The CNIB and Me

Makings of a Guide Dog is a collection of my guide dog experiences, and an open exposé of my life. Each of my dogs has been with me during major life events, so how could I not tell the stories of my guide dogs without being completely transparent about who I am and my own life experiences.

It’s Thanks to a dedicated group of professional guide dog trainers, the funds you the public donate to guide dog schools, and the laws that allow me to travel with my guide dog without restrictions, that I’m able to pursue my outdoor lifestyle. I’ve always loved the company of a dog, so being able to have one at my side full time is a real treat.

Sure, there are occasions when a white cane better suits the challenge at hand, and sometimes I’ll use various hiking and other poles along with my guide dog, but nothing can beat the sense of freedom I get when I’m with my guide dog – no matter the weather or terrain.

My experience with vision loss began at age eight when my central vision vanished, and I was registered by the CNIB as blind. Then, in my mid-20’s it spread, and I lost my remaining functional vision. Finally, in my late 40’s, my last remaining ability to see light began to fade. Three distinct phases, all of which brought their own challenges in how society viewed me, the coping skills I developed, the barriers I faced to become a contributing member of society, the skills and technologies learned and employed, and the physical and mental health challenges experienced. Throughout it all, I’ve been fortunate to have great dogs by my side, and to be able to count on the CNIB when there was no way I could keep going on my own.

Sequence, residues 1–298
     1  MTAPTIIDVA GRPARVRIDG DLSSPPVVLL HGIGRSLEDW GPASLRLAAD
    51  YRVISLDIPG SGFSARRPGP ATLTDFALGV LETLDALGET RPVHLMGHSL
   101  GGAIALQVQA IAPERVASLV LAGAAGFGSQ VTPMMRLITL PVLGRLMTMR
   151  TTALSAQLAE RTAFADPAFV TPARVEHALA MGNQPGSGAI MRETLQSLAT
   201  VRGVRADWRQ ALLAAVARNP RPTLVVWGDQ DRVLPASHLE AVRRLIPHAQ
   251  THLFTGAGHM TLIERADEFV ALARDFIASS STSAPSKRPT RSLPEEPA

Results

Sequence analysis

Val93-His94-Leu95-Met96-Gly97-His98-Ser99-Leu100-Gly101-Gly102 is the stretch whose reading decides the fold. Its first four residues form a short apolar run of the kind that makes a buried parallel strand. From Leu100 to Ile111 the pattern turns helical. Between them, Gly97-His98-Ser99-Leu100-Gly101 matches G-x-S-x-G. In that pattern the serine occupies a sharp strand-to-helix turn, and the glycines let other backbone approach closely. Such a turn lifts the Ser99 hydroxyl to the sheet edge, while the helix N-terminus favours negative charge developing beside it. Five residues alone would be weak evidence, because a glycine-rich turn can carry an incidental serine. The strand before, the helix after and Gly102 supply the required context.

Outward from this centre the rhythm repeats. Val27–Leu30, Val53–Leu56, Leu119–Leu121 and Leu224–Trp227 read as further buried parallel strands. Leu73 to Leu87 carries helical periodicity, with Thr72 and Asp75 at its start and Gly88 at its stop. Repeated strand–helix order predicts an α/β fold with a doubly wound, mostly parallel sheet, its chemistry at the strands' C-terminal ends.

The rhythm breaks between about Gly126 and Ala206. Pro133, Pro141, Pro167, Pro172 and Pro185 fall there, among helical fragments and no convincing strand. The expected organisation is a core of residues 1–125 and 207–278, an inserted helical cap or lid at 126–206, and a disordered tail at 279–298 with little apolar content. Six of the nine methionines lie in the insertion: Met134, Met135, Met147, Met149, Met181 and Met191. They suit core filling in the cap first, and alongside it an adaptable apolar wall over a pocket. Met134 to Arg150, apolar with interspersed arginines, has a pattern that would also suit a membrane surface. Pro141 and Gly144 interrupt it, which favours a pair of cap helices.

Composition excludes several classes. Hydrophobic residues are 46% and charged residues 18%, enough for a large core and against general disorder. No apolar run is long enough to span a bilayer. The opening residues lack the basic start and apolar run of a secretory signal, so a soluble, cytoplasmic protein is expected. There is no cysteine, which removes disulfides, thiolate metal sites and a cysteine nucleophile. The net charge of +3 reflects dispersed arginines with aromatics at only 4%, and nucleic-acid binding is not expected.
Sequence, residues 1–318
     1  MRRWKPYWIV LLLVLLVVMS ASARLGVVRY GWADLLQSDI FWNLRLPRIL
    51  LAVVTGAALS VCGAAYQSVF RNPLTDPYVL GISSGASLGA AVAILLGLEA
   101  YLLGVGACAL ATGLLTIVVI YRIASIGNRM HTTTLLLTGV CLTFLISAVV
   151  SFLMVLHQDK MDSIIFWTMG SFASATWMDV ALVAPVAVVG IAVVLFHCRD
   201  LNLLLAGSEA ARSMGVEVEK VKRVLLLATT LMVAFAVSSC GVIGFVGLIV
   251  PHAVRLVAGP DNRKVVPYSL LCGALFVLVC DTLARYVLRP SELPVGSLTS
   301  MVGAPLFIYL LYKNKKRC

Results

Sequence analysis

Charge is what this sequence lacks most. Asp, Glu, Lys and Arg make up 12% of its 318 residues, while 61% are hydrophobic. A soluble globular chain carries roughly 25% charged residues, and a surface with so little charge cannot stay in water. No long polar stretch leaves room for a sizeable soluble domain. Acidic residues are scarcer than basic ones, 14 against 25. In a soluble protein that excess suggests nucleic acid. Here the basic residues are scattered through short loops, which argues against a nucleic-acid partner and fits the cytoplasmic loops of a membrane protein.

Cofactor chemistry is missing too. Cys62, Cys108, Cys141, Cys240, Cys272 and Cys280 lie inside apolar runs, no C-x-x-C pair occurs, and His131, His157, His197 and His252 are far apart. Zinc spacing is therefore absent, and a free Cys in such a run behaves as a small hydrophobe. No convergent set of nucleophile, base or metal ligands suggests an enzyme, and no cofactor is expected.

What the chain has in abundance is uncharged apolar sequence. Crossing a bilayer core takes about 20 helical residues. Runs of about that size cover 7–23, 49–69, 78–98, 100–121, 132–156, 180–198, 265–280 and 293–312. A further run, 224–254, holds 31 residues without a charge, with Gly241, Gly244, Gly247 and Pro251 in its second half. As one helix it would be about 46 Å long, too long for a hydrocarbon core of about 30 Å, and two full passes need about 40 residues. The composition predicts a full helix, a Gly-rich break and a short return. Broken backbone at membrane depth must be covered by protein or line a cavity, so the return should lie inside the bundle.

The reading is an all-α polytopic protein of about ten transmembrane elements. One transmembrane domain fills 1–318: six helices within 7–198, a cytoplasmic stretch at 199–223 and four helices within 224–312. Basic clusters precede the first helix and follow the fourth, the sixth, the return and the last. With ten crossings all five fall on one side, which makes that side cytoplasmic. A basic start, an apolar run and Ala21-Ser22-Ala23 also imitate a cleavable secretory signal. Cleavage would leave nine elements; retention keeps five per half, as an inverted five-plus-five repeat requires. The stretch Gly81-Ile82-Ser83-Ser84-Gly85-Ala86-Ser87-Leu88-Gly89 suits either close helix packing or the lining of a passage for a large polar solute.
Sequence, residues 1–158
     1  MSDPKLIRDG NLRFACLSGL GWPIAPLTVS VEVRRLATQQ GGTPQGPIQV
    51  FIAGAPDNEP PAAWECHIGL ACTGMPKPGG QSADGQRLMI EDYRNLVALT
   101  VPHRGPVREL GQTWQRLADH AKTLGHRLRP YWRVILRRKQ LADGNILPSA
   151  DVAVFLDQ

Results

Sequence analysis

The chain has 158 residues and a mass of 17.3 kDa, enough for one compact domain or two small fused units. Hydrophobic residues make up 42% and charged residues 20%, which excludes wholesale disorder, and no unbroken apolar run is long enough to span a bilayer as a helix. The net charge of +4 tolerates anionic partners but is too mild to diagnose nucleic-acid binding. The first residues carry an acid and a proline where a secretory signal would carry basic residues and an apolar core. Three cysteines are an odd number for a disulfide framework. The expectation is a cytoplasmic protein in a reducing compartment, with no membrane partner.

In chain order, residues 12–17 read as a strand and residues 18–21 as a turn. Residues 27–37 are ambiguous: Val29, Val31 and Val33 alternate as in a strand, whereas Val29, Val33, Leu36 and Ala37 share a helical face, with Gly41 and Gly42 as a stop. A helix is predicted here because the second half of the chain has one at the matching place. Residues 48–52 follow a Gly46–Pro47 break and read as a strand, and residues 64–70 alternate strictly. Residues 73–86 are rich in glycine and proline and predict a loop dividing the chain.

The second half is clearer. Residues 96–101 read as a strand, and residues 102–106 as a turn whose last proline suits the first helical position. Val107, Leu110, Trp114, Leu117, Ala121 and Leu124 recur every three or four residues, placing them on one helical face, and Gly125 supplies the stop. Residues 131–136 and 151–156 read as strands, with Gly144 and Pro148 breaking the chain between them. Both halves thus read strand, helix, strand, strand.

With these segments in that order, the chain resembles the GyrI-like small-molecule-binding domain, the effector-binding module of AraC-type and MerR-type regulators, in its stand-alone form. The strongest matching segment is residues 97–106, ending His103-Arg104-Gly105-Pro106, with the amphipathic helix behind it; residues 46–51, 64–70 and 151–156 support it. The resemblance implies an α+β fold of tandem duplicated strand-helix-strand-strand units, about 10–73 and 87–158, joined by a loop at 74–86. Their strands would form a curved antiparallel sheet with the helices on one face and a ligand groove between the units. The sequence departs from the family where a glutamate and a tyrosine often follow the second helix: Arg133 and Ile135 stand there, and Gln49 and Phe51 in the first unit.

What I can’t tell you right now is who my new guide dog is. I can say it’s from the CNIB, and that we had a lot of fun working with a string of young guide dog trainees over six months before a decision could be taken about which of them would be my new guide dog. It was like being in an episode of the “Bachelor”.

The CNIB and I documented in blogs, photos, and videos, our taking eight young guide dog trainees on all manner of outdoor adventures. In episode eight one of the successful graduates was chosen to be my new guide dog. That wasn’t the end though, I next had to be trained and certified with the young graduate before travelling north for a real outdoor adventure.

Like I said, I love dogs. To be able to go anywhere in the city with my dog is a real treat. Being able to leave the city and experience Canada’s great outdoors is an even greater bonus. Having a guide dog that’s just as comfortable on a forest path as on a sidewalk, or in a canoe as they are in  a truck, or traversing frozen lakes “as the crow flies” as they are making their way through heavy traffic, or climbing mountains as they are with taking stairs, are just some of the things that I need in a guide dog to do the things I do.

Thankfully, the CNIB understands that guide dogs in Canada need to serve everyone, regardless whether the person lives in a city or in a small rural, remote, or northern community. Up until now, I’ve had to teach these skills to my guide dogs myself – no more.

Before we present the Makings of a Guide Dog video series, I thought it would be helpful if you got to know me and what I do first. I’m going to release a series of blogs and photographs that go back to 1986, tell the stories of six guide dogs, and let you the reader into my life in ways that up until recently, I swore I would never do.

If the blogs leave you wanting to know more, either how I do the things I do in the outdoors with a guide dog, or more personally how I overcame adversity, reach out and I promise to reply. Otherwise, enjoy the blogs and videos (to be released beginning in September 2020).